In our lives we have all kinds of information that we need to keep track of — to-do lists, gift ideas, books we want to read, exercise or food logs, a budget, phone numbers, a weekly schedule, our goals — the list is endless. The problem is finding a good place to keep all of that information — the usual mode is to have these lists and logs and schedules scattered all over the place, but that is chaos.
If you want to be organized, put all you’re life’s info in one place. And if you need a great tool to do that, look no further than a personal wiki.
Wikis are everywhere, many are free, they’re easy to use, flexible as anything, an perfectly accessible anywhere, or portable if you want to take them on a USB thumb drive. Put everything into your personal wiki, and you’ll never have to look around for anything again.
What can you put into a wiki? Anything you can think of, including images and links to other types of files. Here are some great uses for a personal wiki:
To-do lists: In fact, you can easily do a simple GTD, wiki style. GTD (the written part of it, at least) is just a bunch of lists. Many GTD programs have gotten pretty fancy, but at the heart, it’s just lists. Wikis do lists great. You could have a page with all your context lists, and next to each action, simply put an internal link to the name of the project, and voila — you’ve created a project page. So one page for all your context lists (and someday/maybe) and separate pages for each project. Simple and easy.
Wish lists: What books, cd, DVDs, games, toys and gadgets you want. Make separate lists for each type of thing, or one great big “If I Were a Millionaire, I’d Own Everything on this List” list.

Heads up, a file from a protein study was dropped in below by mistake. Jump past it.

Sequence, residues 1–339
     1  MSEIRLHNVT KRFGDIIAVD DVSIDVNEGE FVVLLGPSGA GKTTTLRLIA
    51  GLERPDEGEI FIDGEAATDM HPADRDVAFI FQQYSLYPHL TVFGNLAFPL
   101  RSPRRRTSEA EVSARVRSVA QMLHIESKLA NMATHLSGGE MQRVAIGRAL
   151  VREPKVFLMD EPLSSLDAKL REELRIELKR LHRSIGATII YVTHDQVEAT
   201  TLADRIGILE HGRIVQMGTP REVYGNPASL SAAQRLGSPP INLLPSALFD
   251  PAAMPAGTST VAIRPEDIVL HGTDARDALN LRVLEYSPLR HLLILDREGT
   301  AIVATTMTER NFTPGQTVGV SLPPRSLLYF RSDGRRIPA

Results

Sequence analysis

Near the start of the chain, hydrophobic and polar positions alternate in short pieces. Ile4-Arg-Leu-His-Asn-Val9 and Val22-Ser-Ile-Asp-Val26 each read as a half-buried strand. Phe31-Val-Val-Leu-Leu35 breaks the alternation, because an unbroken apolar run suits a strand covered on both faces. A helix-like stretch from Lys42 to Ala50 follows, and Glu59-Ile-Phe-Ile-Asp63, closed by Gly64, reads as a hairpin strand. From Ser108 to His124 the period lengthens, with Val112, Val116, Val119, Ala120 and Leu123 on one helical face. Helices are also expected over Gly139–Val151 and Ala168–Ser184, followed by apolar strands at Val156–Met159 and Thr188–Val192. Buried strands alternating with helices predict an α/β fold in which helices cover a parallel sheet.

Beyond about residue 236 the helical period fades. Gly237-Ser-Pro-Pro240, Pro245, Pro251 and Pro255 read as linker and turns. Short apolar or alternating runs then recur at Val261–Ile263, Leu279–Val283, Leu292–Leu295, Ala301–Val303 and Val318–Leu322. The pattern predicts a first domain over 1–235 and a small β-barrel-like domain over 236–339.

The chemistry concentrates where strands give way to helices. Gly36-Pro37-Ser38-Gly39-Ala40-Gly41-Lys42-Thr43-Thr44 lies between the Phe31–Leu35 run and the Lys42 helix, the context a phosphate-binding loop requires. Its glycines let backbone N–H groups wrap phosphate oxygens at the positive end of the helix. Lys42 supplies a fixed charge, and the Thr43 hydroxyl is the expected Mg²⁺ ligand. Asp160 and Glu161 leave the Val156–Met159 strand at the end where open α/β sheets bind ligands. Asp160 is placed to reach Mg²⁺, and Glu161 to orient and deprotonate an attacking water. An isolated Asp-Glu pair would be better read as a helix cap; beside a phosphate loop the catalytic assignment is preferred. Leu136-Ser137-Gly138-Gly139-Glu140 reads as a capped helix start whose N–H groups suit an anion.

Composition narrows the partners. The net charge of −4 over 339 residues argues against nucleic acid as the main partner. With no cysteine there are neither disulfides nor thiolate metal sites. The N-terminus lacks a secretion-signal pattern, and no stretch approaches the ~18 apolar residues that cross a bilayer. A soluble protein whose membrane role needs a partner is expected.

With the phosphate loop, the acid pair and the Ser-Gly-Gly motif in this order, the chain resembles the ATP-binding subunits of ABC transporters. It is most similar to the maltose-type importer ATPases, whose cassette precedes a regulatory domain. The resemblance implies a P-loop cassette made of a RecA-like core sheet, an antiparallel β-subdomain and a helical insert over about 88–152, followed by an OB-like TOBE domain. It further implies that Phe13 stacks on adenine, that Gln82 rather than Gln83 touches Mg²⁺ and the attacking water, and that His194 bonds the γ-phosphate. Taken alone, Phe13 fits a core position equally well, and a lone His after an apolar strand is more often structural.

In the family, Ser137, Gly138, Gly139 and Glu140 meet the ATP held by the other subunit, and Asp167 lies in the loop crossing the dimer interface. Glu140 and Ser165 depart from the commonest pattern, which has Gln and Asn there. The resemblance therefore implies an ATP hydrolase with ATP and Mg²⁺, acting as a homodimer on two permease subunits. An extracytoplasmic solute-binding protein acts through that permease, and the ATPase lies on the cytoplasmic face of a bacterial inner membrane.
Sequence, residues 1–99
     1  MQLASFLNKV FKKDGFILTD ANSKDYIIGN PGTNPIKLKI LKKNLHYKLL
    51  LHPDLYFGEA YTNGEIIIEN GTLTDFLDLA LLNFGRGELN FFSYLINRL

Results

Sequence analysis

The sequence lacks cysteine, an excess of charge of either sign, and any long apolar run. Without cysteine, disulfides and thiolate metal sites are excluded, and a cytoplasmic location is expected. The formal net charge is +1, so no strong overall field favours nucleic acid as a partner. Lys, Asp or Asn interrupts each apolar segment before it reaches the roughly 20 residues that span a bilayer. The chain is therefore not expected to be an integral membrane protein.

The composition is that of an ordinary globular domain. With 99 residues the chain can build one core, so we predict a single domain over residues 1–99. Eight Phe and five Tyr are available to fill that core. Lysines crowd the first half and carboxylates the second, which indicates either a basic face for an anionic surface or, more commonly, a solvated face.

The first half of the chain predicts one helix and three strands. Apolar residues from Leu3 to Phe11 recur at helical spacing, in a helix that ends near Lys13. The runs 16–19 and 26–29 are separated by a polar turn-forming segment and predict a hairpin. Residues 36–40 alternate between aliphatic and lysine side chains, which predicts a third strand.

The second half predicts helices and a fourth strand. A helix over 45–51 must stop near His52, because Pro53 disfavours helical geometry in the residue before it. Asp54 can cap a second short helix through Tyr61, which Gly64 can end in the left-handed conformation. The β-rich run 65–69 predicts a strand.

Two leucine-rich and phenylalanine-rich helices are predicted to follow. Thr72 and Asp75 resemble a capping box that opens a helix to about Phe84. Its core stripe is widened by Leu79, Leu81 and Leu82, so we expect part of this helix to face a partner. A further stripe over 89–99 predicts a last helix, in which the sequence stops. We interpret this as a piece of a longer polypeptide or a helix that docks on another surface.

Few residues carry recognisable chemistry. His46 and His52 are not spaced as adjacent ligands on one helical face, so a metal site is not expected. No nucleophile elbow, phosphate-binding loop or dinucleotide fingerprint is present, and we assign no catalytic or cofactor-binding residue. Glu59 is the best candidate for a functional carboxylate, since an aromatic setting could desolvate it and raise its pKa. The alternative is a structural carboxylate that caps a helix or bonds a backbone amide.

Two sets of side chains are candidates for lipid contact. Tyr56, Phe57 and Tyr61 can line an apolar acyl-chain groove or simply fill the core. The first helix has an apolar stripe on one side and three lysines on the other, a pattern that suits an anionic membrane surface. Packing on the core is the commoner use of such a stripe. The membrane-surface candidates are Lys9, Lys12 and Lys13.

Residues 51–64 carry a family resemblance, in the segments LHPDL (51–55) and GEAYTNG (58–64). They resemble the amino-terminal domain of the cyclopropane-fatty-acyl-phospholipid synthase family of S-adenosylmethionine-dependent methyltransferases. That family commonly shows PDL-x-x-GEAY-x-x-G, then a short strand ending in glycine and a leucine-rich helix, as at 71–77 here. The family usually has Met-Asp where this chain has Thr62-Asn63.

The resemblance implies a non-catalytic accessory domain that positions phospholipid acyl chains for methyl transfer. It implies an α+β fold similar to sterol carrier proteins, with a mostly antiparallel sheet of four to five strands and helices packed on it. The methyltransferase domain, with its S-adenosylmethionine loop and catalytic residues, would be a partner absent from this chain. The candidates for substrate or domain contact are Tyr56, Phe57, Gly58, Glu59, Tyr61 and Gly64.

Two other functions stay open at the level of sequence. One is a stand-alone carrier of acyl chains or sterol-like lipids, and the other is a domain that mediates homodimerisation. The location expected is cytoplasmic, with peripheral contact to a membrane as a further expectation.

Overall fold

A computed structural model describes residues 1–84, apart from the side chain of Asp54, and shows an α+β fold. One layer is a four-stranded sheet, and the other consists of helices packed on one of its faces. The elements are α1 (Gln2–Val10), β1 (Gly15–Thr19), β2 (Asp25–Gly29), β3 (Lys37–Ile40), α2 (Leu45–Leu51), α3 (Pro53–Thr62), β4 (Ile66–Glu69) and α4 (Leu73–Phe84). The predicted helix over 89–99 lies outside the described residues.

Gift ideas: birthdays or Christmas still months away? If you’ve got an idea, sock it away on this list and come back for it later.
Checklists: Never forget anything again. Create checklists for every common thing you undertake, at work or in your personal life, and store them all in your wiki. Packing lists, party planning checklists, chores lists, project checklists … you get the picture.
Reading list: I keep a list of all the books I read, along with a list of the books I have lined up to read next.
Logs: I like to keep logs of my exercise, but you could do a food diary, spending log, or anything really. If you’re working on a goal or habit, keeping track of them is one of the best ways to get there.
Goals: Write out your top goals for the year, and then under that, your mini-goals for this month. Then, of those mini-goals, what tasks you’re going to complete this year. This personal wiki will make your dreams come true.
Diary: I like to do a one-sentence journal. It’s easy, fast, and it’s nice to be able to look back on what happened in my life. I was never good at keeping a journal until I hit upon the one-sentence journal idea. Now it’s a habit, and one that’s vastly rewarding.
Contacts: Haven’t found an ideal contact manager? Just use a wiki. Easy to add new stuff, searchable, simple.
Workspace: If you use multiple computers, a wiki is a great place to do your work, accessible from anywhere with an internet connection.
Collaborate: A wiki page can be shared with a number of users, all of whom can be authorized to make changes, making a wiki a great way to work on a project with a group.
Bookmarks: Save your favorite sites, organize them by categories, and have it all in your personal wiki.
Snippets of text: find something useful on the web, or in a document? Paste it here to look up and use later.
Reference: If you have stuff you’ll definitely look up later, either for personal use or in a project, create a wiki reference page.
Plan: plan a wedding, party, event, vacation, home repairs, anything.
These are just a few examples. You can probably think of a lot more.
Where do you go if you want to create a wiki? There are hundreds of wikis on the web. Here are a few places to look to start you out: